The Supreme Court opens its new term on Monday facing decisions on the Dreamers, LGBTQ rights, religion and abortion. United States Supreme Court (Front L-R) Associate Justice Stephen Breyer, Associate Justice Clarence Thomas, Chief Justice John Roberts, Associate Justice Ruth Bader Ginsburg, Associate Justice Samuel Alito, Jr., (Back L-R) Associate Justice Neil Gorsuch, Associate Justice Sonia Sotomayor, Associate Justice Elena Kagan and Associate Justice Brett Kavanaugh pose for their official portrait at the in the East Conference Room at the Supreme Court building November 30, 2018 in Washington, DC.

The Supreme Court opens its new term on Monday facing decisions on the Dreamers, LGBTQ rights, religion and abortion. United States Supreme Court (Front L-R) Associate Justice Stephen Breyer, Associate Justice Clarence Thomas, Chief Justice John Roberts, Associate Justice Ruth Bader Ginsburg, Associate Justice Samuel Alito, Jr., (Back L-R) Associate Justice Neil Gorsuch, Associate Justice Sonia Sotomayor, Associate Justice Elena Kagan and Associate Justice Brett Kavanaugh pose for their official portrait at the in the East Conference Room at the Supreme Court building November 30, 2018 in Washington, DC. (Chip Somodevilla/Getty Images/TNS)

For the last three years, Americans have relied on the judiciary to serve as a guardrail against a president who flouts norms and laws in an effort to enact a radically right-wing and self-serving agenda. In matters relating to immigration, refugees, trade and foreign policy, judges appointed by both Democratic and Republican presidents have often thwarted the president's desire to act unilaterally. Now we are counting on them to help expose presidential abuses of power.

As the House of Representatives conducts an impeachment inquiry into the president's actions, it will rely on the judiciary to enforce subpoenas requesting information and testimony. Analysts have suggested that courts will be more likely to fast-track these requests now that impeachment is on the table.

I wish I were more confident that would be the case.

Although state and federal courts have blunted the Trump administration's more aggressive actions, in many instances the brakes on presidential ambitions have been only temporary. Among the cases that have made it to the Supreme Court, President Trump's 5-4 conservative majority has generally backed him up. For example, the third attempt to impose a ban on Muslims entering the country provided a fig leaf sufficient for the conservative justices to approve it, although evidence indicates that the promised waiver for certain applicants is merely "window dressing" for the ban, and rarely granted, as liberal Justices Stephen Breyer and Sonia Sotomayor earlier suggested would be the case.

The conservative justices of the Supreme Court blandly state that they are applying the law, indifferent to political beliefs or consequences, on their way to supporting the president's extraordinary actions. One exception to the Supreme Court's willingness to uphold executive power was in the case of the Trump administration's attempt to add a citizenship question to the U.S. census. And that only failed because the discovery of documents proving that it was a Republican scheme to ensure an undercount that would be "advantageous to Republicans and non-Hispanic whites" was too egregious to ignore. Now, as President Trump faces impeachment, will the justices determine that executive privilege allows the president and his advisers to openly defy congressional oversight?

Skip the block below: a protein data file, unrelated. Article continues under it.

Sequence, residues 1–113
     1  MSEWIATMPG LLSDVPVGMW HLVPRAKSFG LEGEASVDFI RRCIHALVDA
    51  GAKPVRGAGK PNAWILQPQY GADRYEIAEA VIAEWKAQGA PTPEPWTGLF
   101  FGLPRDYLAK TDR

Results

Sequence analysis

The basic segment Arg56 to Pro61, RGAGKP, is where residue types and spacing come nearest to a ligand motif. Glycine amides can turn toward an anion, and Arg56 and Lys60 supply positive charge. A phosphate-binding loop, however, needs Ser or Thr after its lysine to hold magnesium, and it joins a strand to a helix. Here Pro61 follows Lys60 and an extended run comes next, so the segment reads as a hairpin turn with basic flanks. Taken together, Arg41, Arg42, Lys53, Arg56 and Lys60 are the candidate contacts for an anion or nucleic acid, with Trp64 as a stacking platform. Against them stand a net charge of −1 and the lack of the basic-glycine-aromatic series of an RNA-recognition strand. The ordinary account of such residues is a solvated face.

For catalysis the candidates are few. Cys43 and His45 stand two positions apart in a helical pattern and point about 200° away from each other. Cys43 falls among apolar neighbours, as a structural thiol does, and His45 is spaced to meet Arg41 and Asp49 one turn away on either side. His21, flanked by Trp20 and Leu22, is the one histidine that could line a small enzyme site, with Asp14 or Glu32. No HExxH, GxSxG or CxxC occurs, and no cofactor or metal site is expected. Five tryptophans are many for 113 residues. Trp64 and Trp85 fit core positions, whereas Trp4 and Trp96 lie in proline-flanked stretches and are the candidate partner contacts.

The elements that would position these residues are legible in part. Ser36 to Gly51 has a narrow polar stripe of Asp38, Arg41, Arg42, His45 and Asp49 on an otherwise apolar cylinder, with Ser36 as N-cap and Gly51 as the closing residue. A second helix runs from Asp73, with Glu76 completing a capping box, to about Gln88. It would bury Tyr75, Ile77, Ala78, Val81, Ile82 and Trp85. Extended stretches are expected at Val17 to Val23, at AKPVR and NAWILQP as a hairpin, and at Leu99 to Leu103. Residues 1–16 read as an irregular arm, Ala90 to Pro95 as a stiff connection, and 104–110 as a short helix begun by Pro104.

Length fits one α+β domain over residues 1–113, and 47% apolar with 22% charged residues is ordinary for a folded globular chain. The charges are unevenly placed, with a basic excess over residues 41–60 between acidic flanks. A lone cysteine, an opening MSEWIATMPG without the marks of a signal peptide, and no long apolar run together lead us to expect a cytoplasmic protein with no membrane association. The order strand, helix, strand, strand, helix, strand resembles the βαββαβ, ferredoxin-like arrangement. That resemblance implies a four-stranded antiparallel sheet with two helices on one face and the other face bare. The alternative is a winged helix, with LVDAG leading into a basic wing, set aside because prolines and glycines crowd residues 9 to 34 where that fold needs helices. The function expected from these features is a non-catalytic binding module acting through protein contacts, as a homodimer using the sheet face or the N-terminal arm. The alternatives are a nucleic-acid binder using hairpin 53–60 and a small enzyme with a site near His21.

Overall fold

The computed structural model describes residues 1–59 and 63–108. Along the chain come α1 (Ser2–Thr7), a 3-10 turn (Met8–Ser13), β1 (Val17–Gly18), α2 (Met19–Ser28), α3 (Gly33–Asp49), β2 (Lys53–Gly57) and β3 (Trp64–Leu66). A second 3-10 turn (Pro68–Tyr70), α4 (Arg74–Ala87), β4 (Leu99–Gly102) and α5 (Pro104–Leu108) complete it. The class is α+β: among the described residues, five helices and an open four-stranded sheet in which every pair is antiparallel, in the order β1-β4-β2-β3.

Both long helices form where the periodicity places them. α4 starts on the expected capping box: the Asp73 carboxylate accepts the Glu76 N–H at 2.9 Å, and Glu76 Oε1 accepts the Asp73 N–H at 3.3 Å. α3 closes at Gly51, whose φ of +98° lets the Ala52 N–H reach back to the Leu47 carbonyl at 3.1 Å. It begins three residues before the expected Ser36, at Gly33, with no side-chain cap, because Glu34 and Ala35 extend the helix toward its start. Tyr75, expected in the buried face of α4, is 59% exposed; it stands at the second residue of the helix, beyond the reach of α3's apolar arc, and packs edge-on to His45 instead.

Senate Majority Leader Mitch McConnell, a Kentucky Republican, boasts the most about his refashioning of the federal judiciary, including the Supreme Court. Trump has stocked the federal courts with over 150 judges, many of them young, including several rated "unqualified" by the American Bar Association. More than two dozen Trump judicial nominees have refused in hearings before the Senate to accept as settled law Brown vs. Board of Education, the most fundamental of Supreme Court rulings, and many of these new judges show a chilling willingness to uphold executive power whatever the legal precedent.

Attorney General William Barr's belief in the unitary executive and the apparent willingness of the Supreme Court to support presidential actions under the most questionable circumstances echo the maxim cited by proponents of divine right monarchy in the early modern era: The king's will has the force of law. If he knows the courts will always be on his side, the president is effectively above the law.

In the past few weeks, our polity has entered a new and rapidly changing phase. It may be that Congress' willingness, at long last, to start an impeachment inquiry will mean the reestablishment of the guardrails to our democracy; at the moment, public opinion seems to support this investigation. Perhaps the judiciary will follow the precedent set during the Watergate hearings that the president cannot claim executive privilege to shield lawless behavior. I sincerely hope so. Along with Congress, the courts serve as a counterbalance to the immense power the modern president has. Historians - and the American public - will be watching to see how our judiciary responds at this pivotal moment.

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ABOUT THE WRITER

Christine Adams is a professor of history at St. Mary's College of Maryland.

Visit The Baltimore Sun at www.baltimoresun.com

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